Risk factors for leg ulceration in people who inject drugs: A cross‐sectional study
Kyle, Richard G.
Hanson, Coral L.
Watterson, Andrew E.
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Coull, A., Kyle, R. G., Hanson, C. L. & Watterson, A. E. (2021) Risk factors for leg ulceration in people who inject drugs: A cross‐sectional study. Journal of Clinical Nursing (In Press).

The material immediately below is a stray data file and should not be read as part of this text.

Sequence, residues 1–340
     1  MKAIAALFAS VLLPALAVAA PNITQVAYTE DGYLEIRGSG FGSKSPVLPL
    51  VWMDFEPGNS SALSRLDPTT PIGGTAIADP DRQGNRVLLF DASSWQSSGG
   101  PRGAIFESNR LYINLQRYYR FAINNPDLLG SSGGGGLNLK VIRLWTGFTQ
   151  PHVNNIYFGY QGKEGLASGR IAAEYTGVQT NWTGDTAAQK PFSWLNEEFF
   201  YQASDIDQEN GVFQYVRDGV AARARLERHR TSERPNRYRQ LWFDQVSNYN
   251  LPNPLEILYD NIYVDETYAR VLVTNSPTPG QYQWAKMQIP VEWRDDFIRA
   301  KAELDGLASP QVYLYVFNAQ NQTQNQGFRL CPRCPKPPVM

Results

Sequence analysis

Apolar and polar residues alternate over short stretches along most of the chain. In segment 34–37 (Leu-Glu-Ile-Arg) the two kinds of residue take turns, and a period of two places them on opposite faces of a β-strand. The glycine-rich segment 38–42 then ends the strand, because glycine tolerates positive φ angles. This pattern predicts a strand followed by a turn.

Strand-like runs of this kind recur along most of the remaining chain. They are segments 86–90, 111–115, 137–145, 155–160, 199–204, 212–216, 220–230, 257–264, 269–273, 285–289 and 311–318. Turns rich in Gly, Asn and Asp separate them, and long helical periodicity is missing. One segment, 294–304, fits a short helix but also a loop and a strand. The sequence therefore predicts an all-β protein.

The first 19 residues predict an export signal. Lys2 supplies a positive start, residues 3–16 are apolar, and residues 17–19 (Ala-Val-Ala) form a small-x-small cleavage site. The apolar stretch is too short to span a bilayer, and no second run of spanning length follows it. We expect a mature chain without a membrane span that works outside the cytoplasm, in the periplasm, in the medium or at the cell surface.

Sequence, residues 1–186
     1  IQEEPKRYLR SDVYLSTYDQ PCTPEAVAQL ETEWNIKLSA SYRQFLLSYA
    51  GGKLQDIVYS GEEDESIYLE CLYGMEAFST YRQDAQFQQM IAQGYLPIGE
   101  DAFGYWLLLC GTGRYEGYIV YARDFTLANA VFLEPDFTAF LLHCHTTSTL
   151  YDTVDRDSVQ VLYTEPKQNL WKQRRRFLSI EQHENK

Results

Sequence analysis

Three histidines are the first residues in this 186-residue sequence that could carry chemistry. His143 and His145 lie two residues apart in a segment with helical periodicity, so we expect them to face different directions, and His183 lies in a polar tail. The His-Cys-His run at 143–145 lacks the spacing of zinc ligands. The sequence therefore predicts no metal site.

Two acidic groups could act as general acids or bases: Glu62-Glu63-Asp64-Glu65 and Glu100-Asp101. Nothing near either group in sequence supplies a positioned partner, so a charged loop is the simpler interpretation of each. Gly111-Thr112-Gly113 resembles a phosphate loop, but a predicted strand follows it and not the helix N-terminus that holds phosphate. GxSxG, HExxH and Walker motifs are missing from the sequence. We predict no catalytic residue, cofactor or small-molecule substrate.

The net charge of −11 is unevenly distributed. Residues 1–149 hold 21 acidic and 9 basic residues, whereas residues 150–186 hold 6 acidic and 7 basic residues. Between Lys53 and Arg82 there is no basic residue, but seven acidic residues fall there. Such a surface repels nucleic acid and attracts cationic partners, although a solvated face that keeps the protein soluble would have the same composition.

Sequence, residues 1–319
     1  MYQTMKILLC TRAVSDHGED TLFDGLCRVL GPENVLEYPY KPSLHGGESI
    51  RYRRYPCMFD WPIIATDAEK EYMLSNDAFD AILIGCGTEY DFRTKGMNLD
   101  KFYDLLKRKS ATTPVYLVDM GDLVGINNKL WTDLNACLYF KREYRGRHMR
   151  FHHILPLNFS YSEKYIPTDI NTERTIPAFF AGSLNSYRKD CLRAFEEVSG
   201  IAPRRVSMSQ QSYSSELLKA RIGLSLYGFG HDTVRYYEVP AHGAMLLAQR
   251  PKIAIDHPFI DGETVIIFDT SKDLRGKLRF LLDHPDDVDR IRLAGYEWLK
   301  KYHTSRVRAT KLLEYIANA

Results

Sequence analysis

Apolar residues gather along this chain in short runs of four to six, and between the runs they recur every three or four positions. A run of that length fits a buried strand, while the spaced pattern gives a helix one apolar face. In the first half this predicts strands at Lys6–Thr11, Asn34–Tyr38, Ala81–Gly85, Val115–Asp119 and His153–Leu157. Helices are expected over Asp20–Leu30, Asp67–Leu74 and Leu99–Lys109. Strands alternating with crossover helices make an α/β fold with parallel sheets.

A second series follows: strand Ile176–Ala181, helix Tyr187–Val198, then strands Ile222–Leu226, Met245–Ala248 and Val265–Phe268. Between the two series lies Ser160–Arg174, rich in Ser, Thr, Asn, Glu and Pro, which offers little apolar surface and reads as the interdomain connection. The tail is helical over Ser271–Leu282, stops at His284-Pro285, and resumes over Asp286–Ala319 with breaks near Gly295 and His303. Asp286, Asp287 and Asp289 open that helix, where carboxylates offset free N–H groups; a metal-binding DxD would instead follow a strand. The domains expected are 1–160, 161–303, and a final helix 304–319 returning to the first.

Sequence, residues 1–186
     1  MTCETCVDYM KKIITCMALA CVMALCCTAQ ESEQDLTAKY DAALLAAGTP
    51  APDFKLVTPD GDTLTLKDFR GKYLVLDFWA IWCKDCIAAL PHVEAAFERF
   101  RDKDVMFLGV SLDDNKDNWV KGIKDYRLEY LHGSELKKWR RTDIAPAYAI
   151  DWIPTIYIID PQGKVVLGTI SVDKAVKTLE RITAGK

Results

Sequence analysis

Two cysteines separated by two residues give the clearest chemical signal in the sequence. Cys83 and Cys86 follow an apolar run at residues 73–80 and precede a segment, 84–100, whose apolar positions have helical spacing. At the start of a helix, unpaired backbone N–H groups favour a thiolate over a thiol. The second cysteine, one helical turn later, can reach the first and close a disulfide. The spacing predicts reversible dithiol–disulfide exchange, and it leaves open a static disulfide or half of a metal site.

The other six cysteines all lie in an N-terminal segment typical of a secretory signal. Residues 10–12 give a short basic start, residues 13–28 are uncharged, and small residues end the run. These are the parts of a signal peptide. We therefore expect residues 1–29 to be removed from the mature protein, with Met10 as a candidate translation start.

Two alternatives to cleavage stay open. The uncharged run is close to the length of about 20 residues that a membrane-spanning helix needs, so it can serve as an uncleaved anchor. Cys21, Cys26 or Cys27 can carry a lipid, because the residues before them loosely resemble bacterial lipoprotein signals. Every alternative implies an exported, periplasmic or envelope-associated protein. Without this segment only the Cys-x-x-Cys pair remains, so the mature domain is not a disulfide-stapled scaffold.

Aims and Objectives The aim of this study was to assess, for the first time in a hard‐to‐reach population, the risk factors for leg ulceration among PWID, with the objective of making improvements to prevention and care.Background An estimated 4.8 million people globally inject drugs with potential for injecting‐related harm. Skin and vein damage associated with drug injecting is increasing. Leg ulceration is a chronic condition which in the UK has a prevalence of 15% among people who have injected drugs (PWID) compared with 1% in the general population. Glasgow has the highest rate of problematic drug use in Scotland with approximately 13,900 individuals, about 50% of whom are thought to inject. However, the reasons for high prevalence of leg ulceration among PWID are unknown. To support improvements in prevention and care, the dearth of evidence around risk factors for leg ulceration in PWID needs to be addressed.Design A cross‐sectional survey of 200 current and former injectors recruited from drug services in Glasgow, Scotland, to measure skin problems, leg ulceration and injecting habits is reported following STROBE guidelines. Logistic regression modelling examined whether demographics and injecting habits predicted leg ulceration.Results The likelihood of leg ulceration was increased for those who injected in the groin and the leg. Additionally, injecting in the groin and leg were associated with having a DVT.Conclusion The primary risk factors for leg ulceration in PWID are injecting in the groin and the legs and these are clinically linked to deep vein thrombosis. Injecting into the femoral vein is increasingly common practice for PWID and healthcare practitioners should advise injectors of the increased risk of leg ulceration and DVT and discourage injecting into these areas.